Codec 2 HF Data Modes Part 2

Over the past few months I’ve been working on HF data modes, in particular building up a new burst acquisition system for our OFDM modem. As usual, what seemed like a small project turned out to be a lot of work! I’ve now integrated all the changes into the FreeDV API and started testing over the air, sending frames of data from a Tx at my home to remote SDRs all over Australia.


  • Importantly – this work is open source – filling a gap in the HF data world. HF is used for Ham radio, emergency communications and in the developing world where no other infrastructure exists. It needs to be open.
  • High performance waveforms designed for fast fading channels with modern FEC (thanks Bill, VK5DSP).
  • Implemented as a C library that can be cross compiled on many machines, and called from other programs (C and Python examples). You don’t need to be tied to one operating system or expensive, proprietary hardware.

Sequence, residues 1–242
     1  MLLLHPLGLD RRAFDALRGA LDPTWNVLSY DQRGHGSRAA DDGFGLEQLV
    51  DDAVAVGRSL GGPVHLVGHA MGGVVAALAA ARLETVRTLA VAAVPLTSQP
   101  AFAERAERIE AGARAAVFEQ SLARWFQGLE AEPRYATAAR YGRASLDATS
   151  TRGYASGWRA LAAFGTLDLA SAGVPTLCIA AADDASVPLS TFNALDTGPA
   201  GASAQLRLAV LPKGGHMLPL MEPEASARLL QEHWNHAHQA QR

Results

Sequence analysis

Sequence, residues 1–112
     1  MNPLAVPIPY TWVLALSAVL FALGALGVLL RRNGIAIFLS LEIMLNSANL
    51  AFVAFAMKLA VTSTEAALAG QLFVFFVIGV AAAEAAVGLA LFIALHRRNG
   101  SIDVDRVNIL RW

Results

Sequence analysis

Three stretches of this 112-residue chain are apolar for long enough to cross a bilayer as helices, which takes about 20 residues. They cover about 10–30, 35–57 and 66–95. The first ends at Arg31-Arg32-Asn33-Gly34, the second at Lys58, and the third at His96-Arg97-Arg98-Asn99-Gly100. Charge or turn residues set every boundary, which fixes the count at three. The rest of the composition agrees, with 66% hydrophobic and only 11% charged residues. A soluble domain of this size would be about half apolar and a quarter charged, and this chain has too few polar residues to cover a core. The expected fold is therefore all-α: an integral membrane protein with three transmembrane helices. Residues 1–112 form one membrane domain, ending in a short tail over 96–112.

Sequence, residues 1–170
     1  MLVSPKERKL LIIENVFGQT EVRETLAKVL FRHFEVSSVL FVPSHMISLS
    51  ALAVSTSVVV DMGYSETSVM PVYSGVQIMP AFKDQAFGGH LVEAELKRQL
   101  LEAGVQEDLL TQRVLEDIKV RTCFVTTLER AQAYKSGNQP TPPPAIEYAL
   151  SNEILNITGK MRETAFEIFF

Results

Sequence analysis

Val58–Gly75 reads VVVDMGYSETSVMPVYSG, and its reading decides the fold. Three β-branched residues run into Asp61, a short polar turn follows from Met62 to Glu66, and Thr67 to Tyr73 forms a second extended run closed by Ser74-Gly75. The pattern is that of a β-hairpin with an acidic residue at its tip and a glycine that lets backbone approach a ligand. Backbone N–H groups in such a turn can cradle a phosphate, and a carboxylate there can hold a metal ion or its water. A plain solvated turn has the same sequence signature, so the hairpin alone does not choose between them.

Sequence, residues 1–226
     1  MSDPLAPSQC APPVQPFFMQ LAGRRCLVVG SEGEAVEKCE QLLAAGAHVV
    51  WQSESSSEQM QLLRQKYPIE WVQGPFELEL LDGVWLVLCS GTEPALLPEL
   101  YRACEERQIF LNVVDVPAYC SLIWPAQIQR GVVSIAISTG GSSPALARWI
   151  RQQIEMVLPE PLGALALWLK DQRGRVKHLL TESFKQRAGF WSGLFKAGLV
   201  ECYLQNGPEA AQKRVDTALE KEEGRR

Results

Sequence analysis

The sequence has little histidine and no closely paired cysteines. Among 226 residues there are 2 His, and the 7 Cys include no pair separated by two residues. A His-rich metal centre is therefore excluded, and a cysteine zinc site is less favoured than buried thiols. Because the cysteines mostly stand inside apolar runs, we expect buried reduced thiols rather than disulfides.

• Further development is supported by a suite of automated tests.

I’m not aiming to build a full blown TNC myself, just the layer that can move data frames over HF Radio channels. This seems to be where the real need lies, and the best use of my skills. I have however been working with TNC developers like Simon, DJ2LS. Together we have written a set of use cases that we have been developing against. This has been very useful, and a fun learning experience for both of us.

I’ve documented the Codec 2 HF data modes in README_data, which includes simple examples of how to use the API, and simulated/real world results.

Further work:

  • Automated testing over real world channels
  • Tuning performance
  • Port a higher bit rate QAM16 mode to C
  • Working with TNC developers
  • Prototype very simple low cost HF Data links using RTLSDRs and RpiTx transmitters

Reading Further

HF Acquisition Pull Request – journal of the recent development
README_data – Codec 2 data mode documentation (HF OFDM raw data section)
Codec2 HF Data Modes Part 1

One thought on “Codec 2 HF Data Modes Part 2”

  1. That’s a very important work!

    Even though not the same frequency range. But in the UHF and up to 2.4G bands LORA is really taking over the market from all the other chipsets like nrf24l01 and similar.

    Really good to see you are steadily working on progressing digital modes inline with open source philosophy, as hamradio was always meant to be.

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